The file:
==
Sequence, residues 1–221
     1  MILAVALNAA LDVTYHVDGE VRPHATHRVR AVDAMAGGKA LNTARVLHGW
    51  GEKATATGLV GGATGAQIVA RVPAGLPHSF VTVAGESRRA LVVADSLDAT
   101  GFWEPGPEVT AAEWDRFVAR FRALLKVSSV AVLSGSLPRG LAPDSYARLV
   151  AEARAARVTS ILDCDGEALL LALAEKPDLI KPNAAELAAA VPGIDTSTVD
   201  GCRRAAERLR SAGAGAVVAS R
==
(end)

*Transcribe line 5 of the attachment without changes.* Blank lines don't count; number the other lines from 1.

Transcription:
   151  AEARAARVTS ILDCDGEALL LALAEKPDLI KPNAAELAAA VPGIDTSTVD